Smile you are in Bahia © 2009 Fábio Luiz
  5. It is all about hair – Baianas spend more time with styling their hair than I know from
    German women.


  1. Their nails – Baianas have colored nails most of the time specially when they go to a party.
  2. Their clothes – long & colourful dresses are my favorite.
  3. Men carry heavy things – Me, as a German, I was used to carry my stuff. The Baiana instead lets the men carry the heavy things.
  4. Girls love football <3
    Girls love football








Do you miss a fact? Please leave a reply <3

Lime Pie by Carina Graef

Torta de limão in Portuguese is a Lime Pie with sweetened condensed milk, which is often used in Brazilian desserts & also not missing in this delicious pie.

Recipe for Torta de limão:recipes-torta-de-limao-inredients

For the dough:

  • 2 cups flour
  • 2/3 cup sugar
  • 1 tablespoon baking powder
  • 100 g butter at room temperature
  • 4 egg yolks

Mix all dry ingredients in a bowl. Add the butter and the egg yolks. Work the dough with your hands and wrap it in cling. Put it in the refrigerator while you prepare the lime cream.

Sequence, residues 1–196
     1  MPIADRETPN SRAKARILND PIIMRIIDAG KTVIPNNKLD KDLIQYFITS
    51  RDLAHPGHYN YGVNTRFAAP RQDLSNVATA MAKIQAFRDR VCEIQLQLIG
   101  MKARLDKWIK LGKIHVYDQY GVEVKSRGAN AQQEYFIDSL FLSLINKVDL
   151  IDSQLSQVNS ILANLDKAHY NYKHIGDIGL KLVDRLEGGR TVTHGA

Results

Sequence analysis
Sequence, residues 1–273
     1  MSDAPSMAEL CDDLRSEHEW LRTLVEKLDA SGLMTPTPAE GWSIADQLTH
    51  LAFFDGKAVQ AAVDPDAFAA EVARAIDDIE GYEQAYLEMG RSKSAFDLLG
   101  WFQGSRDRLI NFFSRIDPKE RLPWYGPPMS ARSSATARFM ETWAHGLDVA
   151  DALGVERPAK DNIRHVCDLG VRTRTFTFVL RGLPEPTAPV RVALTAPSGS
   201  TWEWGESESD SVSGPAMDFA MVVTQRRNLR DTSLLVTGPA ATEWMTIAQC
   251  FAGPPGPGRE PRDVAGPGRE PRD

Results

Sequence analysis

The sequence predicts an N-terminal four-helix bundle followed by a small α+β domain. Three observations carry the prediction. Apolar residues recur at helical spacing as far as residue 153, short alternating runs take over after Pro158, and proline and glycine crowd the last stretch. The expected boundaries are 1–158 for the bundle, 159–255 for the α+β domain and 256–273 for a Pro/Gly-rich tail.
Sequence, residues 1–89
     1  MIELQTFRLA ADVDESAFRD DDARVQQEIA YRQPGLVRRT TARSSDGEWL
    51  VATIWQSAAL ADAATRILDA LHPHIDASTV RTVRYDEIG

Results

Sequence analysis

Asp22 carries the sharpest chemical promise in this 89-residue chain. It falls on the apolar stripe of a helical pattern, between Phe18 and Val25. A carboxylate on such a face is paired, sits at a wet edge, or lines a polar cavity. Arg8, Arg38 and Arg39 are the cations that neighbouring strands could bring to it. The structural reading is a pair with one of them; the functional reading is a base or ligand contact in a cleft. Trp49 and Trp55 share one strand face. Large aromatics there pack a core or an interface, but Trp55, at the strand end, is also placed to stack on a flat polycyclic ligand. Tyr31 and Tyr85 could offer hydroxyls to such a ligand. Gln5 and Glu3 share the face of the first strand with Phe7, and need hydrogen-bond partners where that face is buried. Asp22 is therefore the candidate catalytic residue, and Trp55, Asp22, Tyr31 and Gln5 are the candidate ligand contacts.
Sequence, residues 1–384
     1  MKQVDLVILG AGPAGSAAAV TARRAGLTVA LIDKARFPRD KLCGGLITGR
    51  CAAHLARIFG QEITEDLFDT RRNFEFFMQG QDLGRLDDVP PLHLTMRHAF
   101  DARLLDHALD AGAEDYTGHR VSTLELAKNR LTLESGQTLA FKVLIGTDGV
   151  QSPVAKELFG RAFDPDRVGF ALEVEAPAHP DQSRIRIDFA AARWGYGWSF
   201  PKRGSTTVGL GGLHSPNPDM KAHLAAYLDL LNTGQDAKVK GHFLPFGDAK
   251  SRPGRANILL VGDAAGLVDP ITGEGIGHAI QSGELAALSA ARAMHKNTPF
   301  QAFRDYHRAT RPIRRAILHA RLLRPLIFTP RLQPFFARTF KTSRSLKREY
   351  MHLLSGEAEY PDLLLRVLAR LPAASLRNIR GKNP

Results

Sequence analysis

For the lime cream:

  • 300 ml sweetened condensed milk
  • 75 ml lime juice (2-3 limes)

Before you squeeze the lime you can grate the zest if you want. It tastes nice in the lemon cream and you can decorate your pie later with it.

Mix the sweetened condensed milk and lime juice in a bowl.

Lime Pie by Carina Gräf

Prepare a baking tin or tart pan with butter or a baking parchment and spread the dough. You can roll the dough before putting it or you use your hands to spread the dough. Fill it with the lime cream. Preheat the oven to 180°C/350°F and bake the pie for about 35 minutes.

Keep it in refrigerator and serve cold. You can decorate as you wish with lime zest or slices.


Lime Pie by Carina Gräf

Church of Bonfim © Antônio Chequer

Church of our Lord of the Good End / Igreja de Nosso Senhor do Bonfim (in Portuguese) is the most famous church in Salvador da Bahia.

The church was built in the Lower City of Salvador in the 18th century. It is a very important place to locals & also a tourist attraction. The fence around the church is decorated with Ribbons of Bonfim / Fitas do Bonfim. The belief is that to makes three knots with the Fita do Bonfim, can be at the fence or can be at the wrist, you also have three wishes to make. The wishes will all come true if you keep the Fita on until it falls off. Every year in January is a huge religious celebration, the Festa do Bonfim at the chruch.

Like most churches in Salvador, Bonfim’s church is Catholic in it’s origins. Senhor do Bonfim was imported to Brazil during colonial times. Slaves, mostly from Africa, disguised their African gods as Catholic saints. This Afro-Brazilian religion is called Candomblé.